in Disaster Preparedness and Response
Chairman, House Committee on Homeland Security’s Subcommittee
on Emergency Preparedness, Response, and Communications
and representative of Indiana’s 5th District
The nation recently marked the 50th anniversary of the assassination of President John F. Kennedy. Fifty years ago it took many hours for most Americans to receive the tragic news and they did when their network newscaster broke into scheduled programming. Thirty-eight years later, on Sept. 11, 2001, millions of Americans, and indeed many citizens in even third world countries, literally watched as the second plane hit the World Trade Center. Cable television provided up-to-the-minute coverage. In 2005, when Hurricane Katrina hit, most of us still watched the coverage on cable, but state and federal emergency responders were more apt to be in touch via Blackberry than they were just four years earlier in New York and Washington, D.C.
And today? An increasing number of people hear major news through social media.
Our society has transmuted the words “posting” and “tweeting” into action verbs and social media is now one of the most common forms of communication. According to a recently-released Pew Research Center report, roughly 30 percent of Americans get their news from Facebook while eight percent get it from Twitter.[i] The United States is shifting away from traditional media outlets into 21st century options. Long gone are the days where radios, televisions, and newspapers were the only sources of information. Social media is one of the primary ways we share information. This is particularly true during times of emergency, where people turn to social media to obtain public safety information, connect with friends and family, and even request assistance from emergency response organizations. For example, the first official announcement that Boston Marathon bomber Dzhokhar Tsarnaev had been captured was not through a traditional press conference, but through the Boston Police Department’s Twitter account. The post, which was retweeted more than 135,000 times, said, “CAPTURED!!! The hunt is over. The search is done. The terror is over. And justice has won. Suspect in custody.”
Last year during Hurricane Sandy, millions of Americans turned to Facebook, Twitter, and even Instagram for information about the storm’s projected track, the location of streets and towns that were flooded, how to place requests for federal assistance, and the location of open shelters. According to information from the Federal Emergency Management Agency (FEMA), social media users sent over 20 million Sandy-related tweets during the height of the storm despite the severe cellphone and power outages. Eleven years earlier, hundreds of families in the same neighborhoods of New York and New Jersey waited for hours to hear from relatives due to the same types of outages.
Though there are many positive aspects of the increased use of social media during disasters, we must also be mindful of the potential negative consequences and possibility that someone could purposely do harm using social media. There is the potential for misleading, faulty, or even malicious information to quickly escalate on social media and have adverse impacts on response efforts. This was the case when Reddit users incorrectly identified the potential Boston Marathon bombers, information that caused a citywide manhunt and panic that required local responders to divert attention from mission critical operations to assist with damage control.
I was honored when asked by Chairman Michael McCaul (R-TX) to chair the Committee on Homeland Security’s Subcommittee on Emergency Preparedness, Response, and Communications, especially as a new member of Congress. As chairman, I’ve made it one of my priorities to shed light on the work the government, private sector, and individual citizens are doing to incorporate social media into their disaster preparedness and response. I also want to ensure members of Congress to understand the vital role social media plays in emergency management and educate them about how they can leverage it to communicate with their constituents during disasters and emergencies.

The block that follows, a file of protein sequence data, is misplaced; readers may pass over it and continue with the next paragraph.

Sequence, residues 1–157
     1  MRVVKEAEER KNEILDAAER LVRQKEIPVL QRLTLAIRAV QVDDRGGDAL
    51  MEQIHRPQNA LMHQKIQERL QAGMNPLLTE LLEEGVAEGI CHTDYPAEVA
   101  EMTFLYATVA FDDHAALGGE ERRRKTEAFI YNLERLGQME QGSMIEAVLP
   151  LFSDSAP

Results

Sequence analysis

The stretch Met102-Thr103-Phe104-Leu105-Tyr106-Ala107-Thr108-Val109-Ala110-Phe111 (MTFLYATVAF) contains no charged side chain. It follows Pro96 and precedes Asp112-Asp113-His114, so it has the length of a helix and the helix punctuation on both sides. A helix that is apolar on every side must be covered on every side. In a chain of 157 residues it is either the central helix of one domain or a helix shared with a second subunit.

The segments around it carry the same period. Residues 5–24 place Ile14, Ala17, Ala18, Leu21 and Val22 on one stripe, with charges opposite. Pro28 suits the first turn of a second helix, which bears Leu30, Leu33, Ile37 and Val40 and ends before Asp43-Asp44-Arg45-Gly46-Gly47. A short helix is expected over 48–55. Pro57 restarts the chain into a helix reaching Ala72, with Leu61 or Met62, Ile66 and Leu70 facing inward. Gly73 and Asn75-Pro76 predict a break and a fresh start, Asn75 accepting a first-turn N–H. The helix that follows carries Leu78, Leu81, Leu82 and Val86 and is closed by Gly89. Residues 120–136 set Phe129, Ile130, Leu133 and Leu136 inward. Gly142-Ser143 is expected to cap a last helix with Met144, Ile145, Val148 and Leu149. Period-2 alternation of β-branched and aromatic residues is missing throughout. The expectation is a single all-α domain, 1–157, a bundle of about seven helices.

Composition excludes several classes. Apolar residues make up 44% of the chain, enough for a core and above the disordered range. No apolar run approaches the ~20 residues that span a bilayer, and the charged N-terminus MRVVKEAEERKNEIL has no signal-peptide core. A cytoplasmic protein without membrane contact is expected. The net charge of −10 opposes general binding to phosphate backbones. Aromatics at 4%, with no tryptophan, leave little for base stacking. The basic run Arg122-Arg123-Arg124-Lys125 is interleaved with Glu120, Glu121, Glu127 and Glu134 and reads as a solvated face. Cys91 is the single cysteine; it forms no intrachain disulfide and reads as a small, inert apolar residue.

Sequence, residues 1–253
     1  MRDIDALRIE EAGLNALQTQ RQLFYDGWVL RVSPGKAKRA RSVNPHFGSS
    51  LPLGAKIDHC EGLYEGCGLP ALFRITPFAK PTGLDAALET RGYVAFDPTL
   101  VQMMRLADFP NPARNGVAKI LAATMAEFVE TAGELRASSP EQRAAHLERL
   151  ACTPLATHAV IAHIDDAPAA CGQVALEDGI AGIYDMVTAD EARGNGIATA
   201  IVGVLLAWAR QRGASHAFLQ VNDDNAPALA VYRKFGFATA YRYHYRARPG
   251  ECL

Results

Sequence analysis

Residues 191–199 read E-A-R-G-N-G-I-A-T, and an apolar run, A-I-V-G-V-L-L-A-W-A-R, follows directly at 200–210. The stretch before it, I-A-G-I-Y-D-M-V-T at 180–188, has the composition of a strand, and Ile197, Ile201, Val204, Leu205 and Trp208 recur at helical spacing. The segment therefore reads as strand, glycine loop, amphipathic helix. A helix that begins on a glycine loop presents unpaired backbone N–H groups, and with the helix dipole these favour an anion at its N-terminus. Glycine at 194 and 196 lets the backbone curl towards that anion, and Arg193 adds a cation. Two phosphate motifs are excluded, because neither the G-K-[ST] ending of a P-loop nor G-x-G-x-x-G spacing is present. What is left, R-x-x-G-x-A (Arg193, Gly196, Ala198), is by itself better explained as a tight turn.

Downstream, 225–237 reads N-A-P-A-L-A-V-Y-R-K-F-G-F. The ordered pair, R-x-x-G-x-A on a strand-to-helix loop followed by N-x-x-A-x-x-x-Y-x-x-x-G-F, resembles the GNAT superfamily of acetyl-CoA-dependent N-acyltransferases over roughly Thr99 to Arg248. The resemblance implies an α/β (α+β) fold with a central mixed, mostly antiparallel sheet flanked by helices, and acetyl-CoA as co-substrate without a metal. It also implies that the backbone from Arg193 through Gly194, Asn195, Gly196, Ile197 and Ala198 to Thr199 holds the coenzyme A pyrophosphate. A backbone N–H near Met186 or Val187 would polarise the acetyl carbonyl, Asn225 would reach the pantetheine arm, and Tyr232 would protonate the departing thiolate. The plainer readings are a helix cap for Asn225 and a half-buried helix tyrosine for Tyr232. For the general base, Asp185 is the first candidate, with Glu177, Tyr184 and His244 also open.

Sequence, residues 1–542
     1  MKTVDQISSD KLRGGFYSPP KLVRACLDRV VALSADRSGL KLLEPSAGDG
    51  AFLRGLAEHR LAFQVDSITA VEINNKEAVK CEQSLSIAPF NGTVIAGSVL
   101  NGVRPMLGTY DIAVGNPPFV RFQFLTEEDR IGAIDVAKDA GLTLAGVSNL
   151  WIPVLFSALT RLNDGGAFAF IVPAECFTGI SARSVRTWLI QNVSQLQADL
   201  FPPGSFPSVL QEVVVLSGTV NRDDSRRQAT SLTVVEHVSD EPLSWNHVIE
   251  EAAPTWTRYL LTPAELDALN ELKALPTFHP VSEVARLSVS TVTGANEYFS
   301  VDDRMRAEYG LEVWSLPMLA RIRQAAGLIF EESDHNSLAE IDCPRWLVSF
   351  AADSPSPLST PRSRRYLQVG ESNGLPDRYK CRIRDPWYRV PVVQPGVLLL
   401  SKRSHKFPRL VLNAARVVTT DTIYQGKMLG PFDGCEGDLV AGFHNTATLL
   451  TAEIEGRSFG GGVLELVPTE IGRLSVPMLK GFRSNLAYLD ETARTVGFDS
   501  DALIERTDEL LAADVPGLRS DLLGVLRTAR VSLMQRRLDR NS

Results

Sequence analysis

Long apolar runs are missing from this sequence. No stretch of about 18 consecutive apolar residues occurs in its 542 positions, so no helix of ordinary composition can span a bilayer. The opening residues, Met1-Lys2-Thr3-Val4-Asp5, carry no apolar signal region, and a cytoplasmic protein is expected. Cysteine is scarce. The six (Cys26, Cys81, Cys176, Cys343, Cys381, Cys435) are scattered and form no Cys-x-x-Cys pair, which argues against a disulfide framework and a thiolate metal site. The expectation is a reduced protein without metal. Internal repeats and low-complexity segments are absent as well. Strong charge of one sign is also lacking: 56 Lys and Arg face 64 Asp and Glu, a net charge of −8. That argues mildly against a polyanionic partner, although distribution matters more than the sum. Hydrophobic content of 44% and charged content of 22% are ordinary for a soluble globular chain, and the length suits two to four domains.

In 2013, the subcommittee held two hearings that focused on social media and emergency response. During these hearings we heard from federal and state officials, including Shayne Adamski from FEMA and W. Greg Kierce from the Jersey City Office of Emergency Management; nonprofit leaders like Michael Beckerman from The Internet Association and Suzanne DeFrancis from the American Red Cross; and private sector executives including Matthew Stepka from Google.org, Jason Payne from Palantir Technologies and Jorge Cardenas from the Public Service Enterprise Group. We also consulted with an online community called Social Media and Emergency Management (#SMEM).
The first hearing focused on the role of the private sector in this field. In so many ways, the future of disaster response lies in private-public partnerships and this first hearing made me more confident in that opinion.
Witnesses from across the private sector testified on the amazing work they’ve done in emergency management and gave advice about what the federal government could do to improve its own disaster response initiatives. Additionally, the subcommittee heard how social media was used before, during, and after Hurricane Sandy and other recent disasters. For example, prior to Hurricane Sandy making landfall, Google allowed the official National Weather Service warnings to appear on the search result page anytime a user’s search contained keywords related to Hurricane Sandy. Also, during landfall and immediately after, Google activated their CrisisMap, which became a “one stop shop” for people trying to find the nearest shelter or open gas station. During the hearing we also heard from a New Jersey power company, Public Service Electric and Gas Company (PSE&G), that described its experience using social media as a form of communication. During the peak of Hurricane Sandy the company added more than 47,000 followers, sent out more than 9,000 messages, and received more than 90,000 messages. The PSE&G official also said during a disaster, survivors “want to be heard, they want to be validated, [and] they want to help and influence us…People flock to Twitter and Facebook and the like because they are searching for immediate information that they can’t get via traditional broadcast channels.”[ii]
I applaud Twitter for recently releasing Twitter Alerts, a service that enables certified accounts to send tweets in a push notification so all opted-in followers will see the messages immediately on their smartphone. While still in its infancy, Twitter Alerts was used by the Senate Sergeant-in-Arms to alert its followers, mostly Congressional staffers, to shelter in place during a recent shooting on Capitol Hill. As I huddled with staffers in my office, I immediately sent a Tweet notifying family and friends that everyone in the Brooks office was safe. The speed at which this message was picked up by local media outlets and retweeted by Hoosiers back home was truly amazing.